News in Brief, BB200707
UK Sets Sights on 20% Target
Years of hard work, meetings, briefings, conferences, and a sustained push for offshore wind power to figure prominently into the UK energy mix have now started to pay off in terms of construction, consents, as well as a regulatory framework.
In the heart of Liverpool on June 7th, BWEA gathered more than 300 leading figures in the offshore wind industry from the United Kingdom and beyond. Key stakeholders included grid regulators, representatives from the shipping industry as well as environmental NGOs, including Alistair Buchanan, CEO Ofgem; Edmund Brookes, Deputy Director-General, Chamber of Shipping and David Young, Executive Director of Natural England, all voiced their support for offshore wind in the opening session of the one day event.
The EU target for 20% of energy to come from renewables by 2020, as agreed to last March by the Council, was the main point of discussion at the conference. Specific attention was paid to how, and how quickly, the UK Government will be able to implement its share of the target. Although the UK does intend to get 20% of its electricity from renewables by 2020, there are currently no targets for the other main energy sectors of transport fuel and heating. “I was heartened to hear such important players express their support for our industry and their desire for early dialogue” commented BWEA CEO Maria McCaffery. “Their contribution provides a great sense of confidence as we move forward. I am a firm believer that with goodwill, plain speaking and early engagement of all stakeholders, great things are possible."
There was broad consensus among conference participants that early engagement is the key to allocating new large sites for development and delivery by 2020. This is a crucial stepping stone if the sector is to play its necessary role.
The UK offshore wind market is currently in full swing, with several projects presently under construction. Participants had the opportunity to visit a very important one - Burbo Bank near Liverpool. This wind farm, the UK's 4th large-scale offshore farm scheduled for completion prior to the end of 2007, will on its own increase the UK's offshore wind portfolio by 33% (UK will then reach 360 MW of offshore wind). Combined with the three other projects the UK will be the world leader in offshore wind, ahead of pioneer Denmark. Looking ahead, the market perspective looks bright as more than 1800 MW in three separate projects in the Thames Strategic Area have recently been granted approval.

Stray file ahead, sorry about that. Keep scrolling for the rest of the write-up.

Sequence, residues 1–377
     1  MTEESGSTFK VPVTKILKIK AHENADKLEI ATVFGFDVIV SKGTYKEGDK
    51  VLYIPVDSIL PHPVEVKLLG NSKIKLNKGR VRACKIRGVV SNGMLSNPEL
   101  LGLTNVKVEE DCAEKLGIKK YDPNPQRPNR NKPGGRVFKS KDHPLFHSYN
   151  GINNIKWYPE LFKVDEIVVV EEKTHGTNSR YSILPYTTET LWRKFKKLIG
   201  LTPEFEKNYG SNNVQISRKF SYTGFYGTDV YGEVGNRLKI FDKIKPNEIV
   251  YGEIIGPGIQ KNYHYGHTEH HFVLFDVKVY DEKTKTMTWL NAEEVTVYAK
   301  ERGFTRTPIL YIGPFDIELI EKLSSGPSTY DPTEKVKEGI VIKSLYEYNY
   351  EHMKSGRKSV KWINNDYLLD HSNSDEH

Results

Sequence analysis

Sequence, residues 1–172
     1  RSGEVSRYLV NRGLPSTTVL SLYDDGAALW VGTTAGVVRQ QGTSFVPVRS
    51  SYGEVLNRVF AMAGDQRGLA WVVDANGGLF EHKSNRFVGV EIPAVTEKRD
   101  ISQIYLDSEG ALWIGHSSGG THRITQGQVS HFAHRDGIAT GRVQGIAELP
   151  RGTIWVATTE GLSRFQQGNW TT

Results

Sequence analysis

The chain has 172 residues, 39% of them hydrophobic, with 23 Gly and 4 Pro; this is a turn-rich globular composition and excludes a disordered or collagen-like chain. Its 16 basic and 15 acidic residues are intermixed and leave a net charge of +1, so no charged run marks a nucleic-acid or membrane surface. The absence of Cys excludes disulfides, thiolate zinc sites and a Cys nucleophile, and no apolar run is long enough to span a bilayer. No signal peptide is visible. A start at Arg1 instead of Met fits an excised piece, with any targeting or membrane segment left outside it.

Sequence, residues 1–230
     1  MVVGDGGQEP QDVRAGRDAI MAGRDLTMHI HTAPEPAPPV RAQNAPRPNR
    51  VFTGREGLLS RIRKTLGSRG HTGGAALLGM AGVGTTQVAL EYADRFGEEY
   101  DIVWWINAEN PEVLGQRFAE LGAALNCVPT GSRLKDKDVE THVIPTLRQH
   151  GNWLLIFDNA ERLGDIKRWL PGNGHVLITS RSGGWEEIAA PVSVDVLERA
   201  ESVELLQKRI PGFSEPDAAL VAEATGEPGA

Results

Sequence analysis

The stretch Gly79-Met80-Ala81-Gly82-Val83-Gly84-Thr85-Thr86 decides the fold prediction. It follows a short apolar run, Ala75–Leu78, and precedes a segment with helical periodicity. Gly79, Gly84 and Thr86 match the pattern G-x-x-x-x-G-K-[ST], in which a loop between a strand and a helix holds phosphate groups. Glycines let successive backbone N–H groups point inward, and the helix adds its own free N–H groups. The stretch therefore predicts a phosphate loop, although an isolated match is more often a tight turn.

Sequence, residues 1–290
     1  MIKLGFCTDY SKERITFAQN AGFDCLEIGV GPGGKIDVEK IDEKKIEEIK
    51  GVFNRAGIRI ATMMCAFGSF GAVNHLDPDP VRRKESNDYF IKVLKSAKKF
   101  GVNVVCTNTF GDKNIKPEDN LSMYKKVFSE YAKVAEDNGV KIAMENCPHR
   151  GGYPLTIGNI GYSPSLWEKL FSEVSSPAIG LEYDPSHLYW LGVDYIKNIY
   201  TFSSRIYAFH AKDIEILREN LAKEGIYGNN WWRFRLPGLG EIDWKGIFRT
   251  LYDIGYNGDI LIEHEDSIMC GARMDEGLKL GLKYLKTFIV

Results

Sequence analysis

On the regulatory side, this sixth annual BWEA Offshore Conference came just in time - less than one month after the release of the UK Energy White Paper. The White Paper sets out the UK government’s international and domestic energy strategy, in response to the domestic long-term energy challenges. It lists four key energy policy goals:
1. To put the UK on a path to cutting CO2 emissions by some 60% by about 2050, with real progress by 2020;
2. To maintain the reliability of UK energy supplies;
3. To promote competitive markets in the UK and beyond;
4. To ensure that every home is adequately and affordably heated.
BWEA, the UK’s wind energy association, has welcomed most elements of the White Paper. It agrees that the proposed changes to the Renewables Obligation will provide much needed confidence to developing technologies such as offshore wind, and to a lesser extent wave and tidal power. Equally welcome is the maintenance of support for onshore wind power, which is the technology that will provide the bulk of government’s current target of 10% of the UK’s power from renewables by 2010.
According to BWEA, key issues around planning and grid still require resolution. In terms of planning, the White Paper will not deliver the short-term action required to release the 8,000 MW of onshore wind currently held up in the planning system. This amount alone represents as much as 6% of the UK’s electricity supply. In terms of grid requirements, the government still needs to take a lead on reform of grid management and technical standards so that more renewable generators can be allowed onto existing grids.
EWEA is satisfied to see the rapid and promising market development of offshore wind in the United Kingdom. EWEA supports the recent regulatory changes that the UK seeks to implement, in order to further boost wind power in general and offshore wind in particular.
Offshore wind is a key technology in moving towards the energy, climate, Maritime Policy and Lisbon Agenda goals of the EU. It is a clean, indigenous, powerful and as of now largely untapped resource. In the UK, offshore wind power is understood to be central in achieving the 20% by 2020 EU target for renewables; in Liverpool this message was embraced by conference participants, and sent loud and clear to the rest of Europe.